Ben Rudnick and friends’ “new” record A Frog Named Sam: A Musical For Children is an interesting new collection of songs for the veteran children’s entertainer and his fellow musicians. That is because the record is neither new nor even a traditional re-issue. Rather it presents a number of the group’s previously recorded songs in this setting for what is essentially a compilation record. Even with that being the case it is still a good introduction for those that might not be familiar with Runick’s work. That is thanks first and foremost to the lyrical content presented in each of the record’s featured songs. From a pro-literacy piece in ‘Reading a Book’ to the uplifting ‘When Something’s Got You Terribly Blue’ to the equally uplifting ‘Love Is A Superpower’ Rudnick and his fellow musicians offer plenty of reason to smile throughout this record. The latter pair of songs are both uplifting just in different ways. The first touts the benefits of having a good friend while the latter of the pair presents the power of love in every form. If those positive messages aren’t enough for fans, then the silly culinary-based song ‘Macaroni an Cheese’ and the upbeat ‘Race Car’ definitely will be. The same goes for the album’s closer ‘Coney Island Crazy.’ For those that have never had the pleasure of making the trip to one of America’s greatest theme parks, Rudnick and company paint a wonderfully vibrant picture of a trip to the park with their lyrics. The same goes for the picture painted in ‘Race Car.’ Those that have never watched a race (whether it be NASCAR, Verizon Indycar Series, F1, or other) will want to see or even attend their first race after hearing this piece. That is especially thanks to the song’s musical content. Speaking of musical content, the musical makeup of ‘Race Car’ and the record’s other songs are another reason that this new compilation is such a good introduction to Rudnick’s music.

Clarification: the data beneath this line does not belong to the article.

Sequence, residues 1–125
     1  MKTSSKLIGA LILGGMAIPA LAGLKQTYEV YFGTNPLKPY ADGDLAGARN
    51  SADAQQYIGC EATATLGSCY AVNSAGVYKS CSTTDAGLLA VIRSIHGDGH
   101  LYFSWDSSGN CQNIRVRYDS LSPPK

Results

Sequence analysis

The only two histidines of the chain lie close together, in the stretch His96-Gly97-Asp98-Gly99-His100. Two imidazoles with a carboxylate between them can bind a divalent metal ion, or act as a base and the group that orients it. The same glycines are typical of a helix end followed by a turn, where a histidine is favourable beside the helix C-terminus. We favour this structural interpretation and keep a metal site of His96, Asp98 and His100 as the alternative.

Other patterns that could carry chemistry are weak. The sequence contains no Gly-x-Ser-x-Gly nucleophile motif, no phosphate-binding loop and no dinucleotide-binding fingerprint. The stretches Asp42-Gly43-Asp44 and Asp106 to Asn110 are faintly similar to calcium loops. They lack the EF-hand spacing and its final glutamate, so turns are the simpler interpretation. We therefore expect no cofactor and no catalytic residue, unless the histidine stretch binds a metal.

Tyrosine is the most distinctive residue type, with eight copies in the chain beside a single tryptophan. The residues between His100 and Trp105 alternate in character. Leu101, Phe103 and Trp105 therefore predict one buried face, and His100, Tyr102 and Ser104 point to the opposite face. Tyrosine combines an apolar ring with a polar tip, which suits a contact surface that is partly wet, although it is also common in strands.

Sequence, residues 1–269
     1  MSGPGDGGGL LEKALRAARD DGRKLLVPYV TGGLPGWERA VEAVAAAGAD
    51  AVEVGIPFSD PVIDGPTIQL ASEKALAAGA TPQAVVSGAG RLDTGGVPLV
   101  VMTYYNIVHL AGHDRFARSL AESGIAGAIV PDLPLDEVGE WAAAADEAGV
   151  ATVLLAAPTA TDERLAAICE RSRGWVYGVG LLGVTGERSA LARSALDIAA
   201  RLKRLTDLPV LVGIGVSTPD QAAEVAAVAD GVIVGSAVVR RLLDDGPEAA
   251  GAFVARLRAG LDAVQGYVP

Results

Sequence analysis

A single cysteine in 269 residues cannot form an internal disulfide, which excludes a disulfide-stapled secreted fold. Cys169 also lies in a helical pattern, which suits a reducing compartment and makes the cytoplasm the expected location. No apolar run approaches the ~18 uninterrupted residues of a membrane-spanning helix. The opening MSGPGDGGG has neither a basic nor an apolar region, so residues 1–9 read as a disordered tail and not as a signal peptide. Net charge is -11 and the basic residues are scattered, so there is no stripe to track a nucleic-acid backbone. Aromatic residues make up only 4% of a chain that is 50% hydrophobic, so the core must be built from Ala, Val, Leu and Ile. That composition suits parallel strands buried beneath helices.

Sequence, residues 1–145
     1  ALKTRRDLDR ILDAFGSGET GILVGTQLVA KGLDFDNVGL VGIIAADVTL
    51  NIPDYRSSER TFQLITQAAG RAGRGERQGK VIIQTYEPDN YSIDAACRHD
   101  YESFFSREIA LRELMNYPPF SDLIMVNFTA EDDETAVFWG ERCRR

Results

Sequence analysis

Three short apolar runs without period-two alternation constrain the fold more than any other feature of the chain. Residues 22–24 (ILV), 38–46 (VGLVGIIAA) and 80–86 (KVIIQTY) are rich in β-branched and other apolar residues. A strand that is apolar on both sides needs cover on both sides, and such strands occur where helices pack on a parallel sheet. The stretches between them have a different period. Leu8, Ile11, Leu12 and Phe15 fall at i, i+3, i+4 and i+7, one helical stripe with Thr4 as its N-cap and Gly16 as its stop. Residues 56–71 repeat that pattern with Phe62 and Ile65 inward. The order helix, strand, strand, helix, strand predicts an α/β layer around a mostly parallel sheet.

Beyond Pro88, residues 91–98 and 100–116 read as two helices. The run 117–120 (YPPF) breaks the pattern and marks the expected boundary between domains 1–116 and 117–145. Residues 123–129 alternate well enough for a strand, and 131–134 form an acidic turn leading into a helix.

The lyrical content presented in Ben Rudnick and Friends’ new compilation is collectively plenty of reason for audiences to check out this record. The lyrical content presented throughout the record runs the gamut, ranging from mildly serious topics such as literacy and friendship to the absolutely silly as in ‘Race Car’ and ‘Macaroni and Cheese.’ While the lyrical content proves important in its own right to the record’s enjoyment, the record’s collective musical content is just as important to its overall presentation. That is because it is just as varied as the album’s lyrical content. The album’s opener is a semi-psychadelic piece that takes listeners back to the days of Frank Zappa and others. ‘Coney Island Crazy’ will impress listeners of all ages with its Chuck Berry-influenced guitar riffs. ‘Macaroni and Cheese’ is just as intriguing with its mix of old school disco and funk sounds in its main body. There’s even a touch of a reggae influence coupled with country/bluegrass at another point in the song. Needless to say the whole of those sounds will definitely keep listeners’ ears from start to finish. Speaking of that country/bluegrass mix, there is also a healthy serving of bluegrass, country, and even folk spread across the record in the Bob Dylan-esque ‘When Something’s Got You Terribly Blue,’ ‘Reading A Book,’ ‘My Horse,’ ‘I Got A New Friend,’ and ‘Race Car.’ There’s even a throwback to the 1960s and ’70s to a point in ‘The Adventure Song.’ Considering the amount of variety in the songs’ musical content there is plenty for audiences to appreciate in this element of the recording, too. Together with the variety of lyrical topics presented throughout the record, both elements work together to make this a compilation that will take listeners of all ages on a fun musical adventure from start to finish.